Fairness and balancing public and private interests in South Lake Union
The City Council is debating Mayor McGinn's rezone recommendations for the South Lake Union neighborhood. Our decisions provide a historic opportunity to shape the future of our city in a way that properly balances public and private interests and creates an exciting, liveable mixed-income neighborhood.
Buried in the tongue-twisting zoning language of setbacks, floor-area ratios and set-asides is a simple idea: fairness. At the end of the day, can we craft legislation that encourages development in South Lake Union (and our other urban centers and villages) and also provides affordable workforce housing?
The answer is yes, and here are three guiding principles I will follow as we work to improve the Mayor's zoning proposal.
1. Increase benefits to the public in exchange for value given to the private sector.
When city government proactively “up-zones" a neighborhood to allow more height and density, it automatically increases the value of the property, delivering a significant windfall to the private landowners. In exchange for the up-zone, state law encourages cities to re-capture some of the increased value for the general public and specifically highlights affordable workforce housing as a critical goal.
Unfortunately, Mayor McGinn's proposal for South Lake Union does not achieve an appropriate public benefit for the value we are conveying to the private property owners who benefit from the up-zone. Just as we had to do with the proposed SODO arena deal, however, the Council can modify and improve the Mayor's legislation.
At my request, the Council hired outside experts who are now analyzing the data and looking at best practices from other cities. This will enable the Council to provide more value to the public while also encouraging continued investment in our neighborhoods. To achieve a fair exchange of public and private benefits, we must craft a better deal for the people of Seattle.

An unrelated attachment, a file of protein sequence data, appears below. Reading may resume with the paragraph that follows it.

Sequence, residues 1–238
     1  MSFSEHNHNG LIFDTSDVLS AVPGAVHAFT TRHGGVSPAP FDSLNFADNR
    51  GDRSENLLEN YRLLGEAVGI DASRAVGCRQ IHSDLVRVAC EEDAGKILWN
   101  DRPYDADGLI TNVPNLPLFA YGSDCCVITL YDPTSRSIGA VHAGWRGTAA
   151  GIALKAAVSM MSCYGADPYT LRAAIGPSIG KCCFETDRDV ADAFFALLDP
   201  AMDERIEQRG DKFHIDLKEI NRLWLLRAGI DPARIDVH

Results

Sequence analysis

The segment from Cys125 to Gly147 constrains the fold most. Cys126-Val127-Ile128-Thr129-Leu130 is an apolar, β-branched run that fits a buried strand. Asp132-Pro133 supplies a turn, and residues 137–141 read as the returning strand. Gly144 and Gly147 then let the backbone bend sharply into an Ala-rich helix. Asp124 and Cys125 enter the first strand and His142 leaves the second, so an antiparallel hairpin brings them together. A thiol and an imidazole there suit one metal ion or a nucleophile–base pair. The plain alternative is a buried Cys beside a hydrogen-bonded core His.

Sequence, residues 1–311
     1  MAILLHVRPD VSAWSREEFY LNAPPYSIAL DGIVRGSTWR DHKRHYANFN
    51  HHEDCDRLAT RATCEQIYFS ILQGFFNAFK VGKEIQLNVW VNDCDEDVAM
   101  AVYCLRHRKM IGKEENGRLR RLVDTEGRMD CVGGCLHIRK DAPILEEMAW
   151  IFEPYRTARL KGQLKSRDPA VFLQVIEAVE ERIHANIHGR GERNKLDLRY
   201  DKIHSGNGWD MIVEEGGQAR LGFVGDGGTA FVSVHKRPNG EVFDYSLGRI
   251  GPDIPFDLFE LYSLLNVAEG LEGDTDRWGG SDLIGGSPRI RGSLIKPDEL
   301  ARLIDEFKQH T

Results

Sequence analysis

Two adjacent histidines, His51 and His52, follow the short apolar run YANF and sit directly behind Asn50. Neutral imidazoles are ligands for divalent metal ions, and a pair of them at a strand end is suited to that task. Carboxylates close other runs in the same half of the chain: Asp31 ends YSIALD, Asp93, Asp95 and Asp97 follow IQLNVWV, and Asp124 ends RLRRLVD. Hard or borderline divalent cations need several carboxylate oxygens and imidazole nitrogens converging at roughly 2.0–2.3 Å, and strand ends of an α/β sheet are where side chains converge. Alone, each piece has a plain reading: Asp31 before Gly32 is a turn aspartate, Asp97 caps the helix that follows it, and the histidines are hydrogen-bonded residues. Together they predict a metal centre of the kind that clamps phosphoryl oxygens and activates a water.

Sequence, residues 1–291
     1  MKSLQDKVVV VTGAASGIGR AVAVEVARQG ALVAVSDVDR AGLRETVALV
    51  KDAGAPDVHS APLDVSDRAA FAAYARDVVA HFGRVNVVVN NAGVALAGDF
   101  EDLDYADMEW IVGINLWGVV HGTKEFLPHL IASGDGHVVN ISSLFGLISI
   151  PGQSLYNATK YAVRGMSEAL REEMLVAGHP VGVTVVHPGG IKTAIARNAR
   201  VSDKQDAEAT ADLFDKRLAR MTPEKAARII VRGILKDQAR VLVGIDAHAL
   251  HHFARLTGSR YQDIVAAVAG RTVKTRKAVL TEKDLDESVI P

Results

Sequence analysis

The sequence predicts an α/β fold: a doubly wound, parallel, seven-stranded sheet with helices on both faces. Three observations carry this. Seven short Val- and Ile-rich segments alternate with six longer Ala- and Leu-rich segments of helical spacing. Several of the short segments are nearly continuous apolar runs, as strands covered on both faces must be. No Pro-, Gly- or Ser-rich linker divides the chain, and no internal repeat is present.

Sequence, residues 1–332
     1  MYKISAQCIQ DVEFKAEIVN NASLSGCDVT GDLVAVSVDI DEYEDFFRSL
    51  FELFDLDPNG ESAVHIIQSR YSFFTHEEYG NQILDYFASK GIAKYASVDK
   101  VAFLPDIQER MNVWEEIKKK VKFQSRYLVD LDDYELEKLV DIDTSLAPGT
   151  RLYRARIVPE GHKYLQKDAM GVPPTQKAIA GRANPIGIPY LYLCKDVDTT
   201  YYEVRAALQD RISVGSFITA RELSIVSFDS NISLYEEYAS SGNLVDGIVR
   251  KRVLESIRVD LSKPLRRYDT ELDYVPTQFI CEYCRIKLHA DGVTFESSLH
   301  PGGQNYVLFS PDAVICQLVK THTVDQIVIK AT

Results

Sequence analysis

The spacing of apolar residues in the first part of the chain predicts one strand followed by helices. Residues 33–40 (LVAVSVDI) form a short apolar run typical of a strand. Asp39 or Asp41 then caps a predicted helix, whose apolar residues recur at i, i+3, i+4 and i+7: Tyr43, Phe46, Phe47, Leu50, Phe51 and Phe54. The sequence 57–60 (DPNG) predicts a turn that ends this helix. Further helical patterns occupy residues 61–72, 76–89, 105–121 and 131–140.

2. Build homes for our workforce.
Nurses, school teachers, and construction workers deserve the opportunity to call South Lake Union home. Allowing moderate income workers (earning between $36,000 to $70,000 depending on household size) to live close to their workplace provides many benefits: it reduces commute times, traffic and pollution; it increases time at home or out in the neighborhood with family and friends.
Providing greater development capacity in exchange for affordable workforce housing is an approach used effectively in other cities throughout the nation. The Mayor's proposal will generate some dollars for affordable housing, but stretched thin over 25 years it amounts to fewer than 10 affordable workforce units per year. To be fair, I believe Seattle can do much better.
3. Support our public school system.
Two weeks ago, Seattle voters once again demonstrated generous support for public education by renewing two vital levies at a time when more parents are enrolling their children in public school. City government can do more to support the school district by encouraging the development of an elementary school for the growing number of families in the greater downtown area. With this up-zone of South Lake Union, we must craft language that specifies what a developer would need to build for a school (such as space suitable for classrooms, cafeteria and a gymnasium) to earn additional building height.
As with any piece of land use legislation, the details of how we seek to accomplish these policies will be very important. The Council will meet on Monday in City Hall at 2:30 p.m. to discuss these provisions in further detail. But as the Council delves into the complexities of the land use language, I wanted you to know the principles I will follow.
I firmly believe we can craft zoning policies for Seattle that achieve significant public benefits while still preserving market incentives for development. In doing so, we will model a fair and equitable future for South Lake Union and our entire city.